Bottom beai

Part Strike and part Pushoff, this Bottom Deal is invisible in Steve's hands. It takes well-known techniques and combines them in a slightly offbeat way. (It should be noted that Steve is not the first person to make this combination.) Like all of the most difficult card sleights (such as Passes and other forms of false dealing), the method you choose for the Bottom Deal should be based entirely on what suits you best; what feels best in your hand; whether you can hold the cards in the particular grip required without looking awkward, etc. This deal is perfect for Steve Draun, but only a bit of experimentation will tell you if it's perfect for you.

The deck is held in mechanic's grip in the left hand. The left first fingertip rests against the outer right corner of the lower cards and presses diagonally inward in a straight line toward the left wrist. The inner left corner of the deck presses against the lowermost area of the left thumb base (fig.l). This grip allows complete control over the deck by the first finger's inward pressure, freeing the other fingers. Note that it is only necessary for the first finger to actually contact and control the cards in the lower portion of the

w-m deck. It does not curl up around the outer right corner of the deck like a C-clamp.

While the left second, third, and little fingertips are pressed lightly against the right long side of the deck (actually against the edges of the cards), the middle phalange of those fingers can be pressed against the face of the bottom card to buckle it slightly inward (fig.2). The bottom card is loosened from the first finger in this manner, but it is not pushed out from beneath the deck. (If the fingers were relaxed, the bottom card would once again flatten out squarely on the bottom of the deck.)

As the hands come together, the left thumb pushes over the top card, whose inner left corner acts as a pivot point (fig.3). When the right hand moves away with the bottom card, the left thumb will pivot the top card back to its original position. If you are genuinely taking the top card, then the left thumb relaxes so the right thumb can pull the card out. When taking the bottom card, the right thumb simply slides diagonally off the left thumb and onto the bottom card as it emerges.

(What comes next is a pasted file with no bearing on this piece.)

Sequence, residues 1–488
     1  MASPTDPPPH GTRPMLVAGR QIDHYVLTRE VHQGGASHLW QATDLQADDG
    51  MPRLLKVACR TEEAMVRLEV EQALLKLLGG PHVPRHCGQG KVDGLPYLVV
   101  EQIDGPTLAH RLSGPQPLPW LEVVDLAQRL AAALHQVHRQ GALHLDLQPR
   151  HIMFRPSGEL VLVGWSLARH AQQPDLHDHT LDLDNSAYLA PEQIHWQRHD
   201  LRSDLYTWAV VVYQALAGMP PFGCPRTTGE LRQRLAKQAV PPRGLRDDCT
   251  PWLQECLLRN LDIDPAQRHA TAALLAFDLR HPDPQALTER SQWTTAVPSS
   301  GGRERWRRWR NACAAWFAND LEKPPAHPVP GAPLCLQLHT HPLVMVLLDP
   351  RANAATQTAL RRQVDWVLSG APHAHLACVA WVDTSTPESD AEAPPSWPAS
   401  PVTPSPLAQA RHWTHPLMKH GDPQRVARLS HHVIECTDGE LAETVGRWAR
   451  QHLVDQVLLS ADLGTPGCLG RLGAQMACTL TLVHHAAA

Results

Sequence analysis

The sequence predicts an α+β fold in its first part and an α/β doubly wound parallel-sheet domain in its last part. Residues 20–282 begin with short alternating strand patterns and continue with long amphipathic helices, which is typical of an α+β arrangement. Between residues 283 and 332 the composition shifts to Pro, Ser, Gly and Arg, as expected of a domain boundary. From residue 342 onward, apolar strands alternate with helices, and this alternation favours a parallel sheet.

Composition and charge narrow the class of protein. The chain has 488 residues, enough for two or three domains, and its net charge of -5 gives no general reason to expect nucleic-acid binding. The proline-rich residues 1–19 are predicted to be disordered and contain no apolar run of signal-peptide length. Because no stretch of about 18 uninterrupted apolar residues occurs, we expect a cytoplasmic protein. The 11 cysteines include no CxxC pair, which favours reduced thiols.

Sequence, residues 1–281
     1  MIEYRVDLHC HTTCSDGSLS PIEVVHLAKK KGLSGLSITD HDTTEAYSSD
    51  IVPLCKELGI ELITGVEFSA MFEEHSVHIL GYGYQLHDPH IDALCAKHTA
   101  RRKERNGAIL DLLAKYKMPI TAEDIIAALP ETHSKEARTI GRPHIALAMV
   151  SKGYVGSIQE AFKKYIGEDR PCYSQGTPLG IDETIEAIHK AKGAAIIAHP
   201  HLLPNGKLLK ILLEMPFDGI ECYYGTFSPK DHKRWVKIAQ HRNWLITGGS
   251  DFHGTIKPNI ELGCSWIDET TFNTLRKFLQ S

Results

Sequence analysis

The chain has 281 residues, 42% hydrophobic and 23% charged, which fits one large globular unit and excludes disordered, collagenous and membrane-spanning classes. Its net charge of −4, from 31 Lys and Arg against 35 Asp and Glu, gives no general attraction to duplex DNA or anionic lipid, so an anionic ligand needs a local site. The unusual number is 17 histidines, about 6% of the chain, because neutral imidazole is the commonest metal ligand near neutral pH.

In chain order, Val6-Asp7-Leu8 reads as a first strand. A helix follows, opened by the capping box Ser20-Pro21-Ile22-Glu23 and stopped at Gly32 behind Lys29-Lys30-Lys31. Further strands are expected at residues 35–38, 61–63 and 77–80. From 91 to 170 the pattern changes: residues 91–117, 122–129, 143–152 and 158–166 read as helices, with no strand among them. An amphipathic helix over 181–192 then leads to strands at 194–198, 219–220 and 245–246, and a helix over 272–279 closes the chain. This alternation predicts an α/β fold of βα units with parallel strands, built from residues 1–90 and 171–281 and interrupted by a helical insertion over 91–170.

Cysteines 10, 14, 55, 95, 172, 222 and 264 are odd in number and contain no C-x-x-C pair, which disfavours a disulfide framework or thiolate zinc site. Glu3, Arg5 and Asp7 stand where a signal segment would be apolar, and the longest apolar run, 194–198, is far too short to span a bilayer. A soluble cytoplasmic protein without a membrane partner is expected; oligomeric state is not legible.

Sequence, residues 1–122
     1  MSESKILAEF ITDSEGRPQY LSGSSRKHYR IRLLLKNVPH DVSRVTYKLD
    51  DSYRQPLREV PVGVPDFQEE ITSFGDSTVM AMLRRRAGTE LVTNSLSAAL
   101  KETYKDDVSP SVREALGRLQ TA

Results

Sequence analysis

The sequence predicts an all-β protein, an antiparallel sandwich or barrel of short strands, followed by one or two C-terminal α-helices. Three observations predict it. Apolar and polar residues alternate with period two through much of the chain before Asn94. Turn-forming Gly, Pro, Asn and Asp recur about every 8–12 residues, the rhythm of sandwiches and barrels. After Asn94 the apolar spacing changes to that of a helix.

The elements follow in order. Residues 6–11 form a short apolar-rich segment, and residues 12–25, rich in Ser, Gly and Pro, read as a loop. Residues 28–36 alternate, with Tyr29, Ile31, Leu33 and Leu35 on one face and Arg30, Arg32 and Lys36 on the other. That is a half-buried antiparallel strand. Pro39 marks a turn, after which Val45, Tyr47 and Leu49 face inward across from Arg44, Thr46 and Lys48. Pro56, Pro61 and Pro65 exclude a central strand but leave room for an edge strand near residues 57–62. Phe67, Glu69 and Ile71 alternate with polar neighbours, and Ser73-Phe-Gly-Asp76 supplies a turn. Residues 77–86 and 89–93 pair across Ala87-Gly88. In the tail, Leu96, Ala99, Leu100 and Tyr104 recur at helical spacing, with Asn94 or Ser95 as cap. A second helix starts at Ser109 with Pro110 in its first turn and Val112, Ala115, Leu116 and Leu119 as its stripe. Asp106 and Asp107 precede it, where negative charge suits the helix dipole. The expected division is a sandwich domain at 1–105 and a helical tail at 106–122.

When the right hand comes over to take the card, it goes in "deep." The right thumb descends onto the top card at its outer end, just in front of your left thumb and slightly to the left of center (fig.4). At the same time, the right second finger moves between the left first and second fingers, onto the bottom card (fig.5).

The right second finger now does something commonly used in Strike Bottom Deals—it curls in-

»at. snapping the bottom card out tVom beneath the deck (fig.6), The Irtt second, third, and little fingers relax at the same time, straightening htt as they do. Both actions happen almost simultaneously. This allows your right hand to draw the i-.iul over the fingers until it is clear of the deck. The right hand immediately moves to the table with the card.

The goals with this Bottom Deal arc the same as they are tor almost all false deals: do not break rhythm when doing tops or bottoms; do not create a different sound between tops and bottoms; avoid the left linger flash as much as possible; and practice, practice, practice. You'll know you've practiced enough when you develop a permanent mark on your left hand where the inner left comer of the deck lays when in mechanic's grip.

• ■ otinn fnr this change is a Dai Vernon technique, modestly titled "To SAmrldtp77*The Dai Vernon Book of Magic (Ganson, 1957). A related f—fs c" ne Maze s "The Deal Switch" (p. 308 of Packet Switches Part Five, More G^X c^rs^es, Fulves, 1977). Both the well-Known Vernon switch and h ' cnnfp^ iPflVP a card palmed in the right hand—Steve s ingenious method palmed does not.

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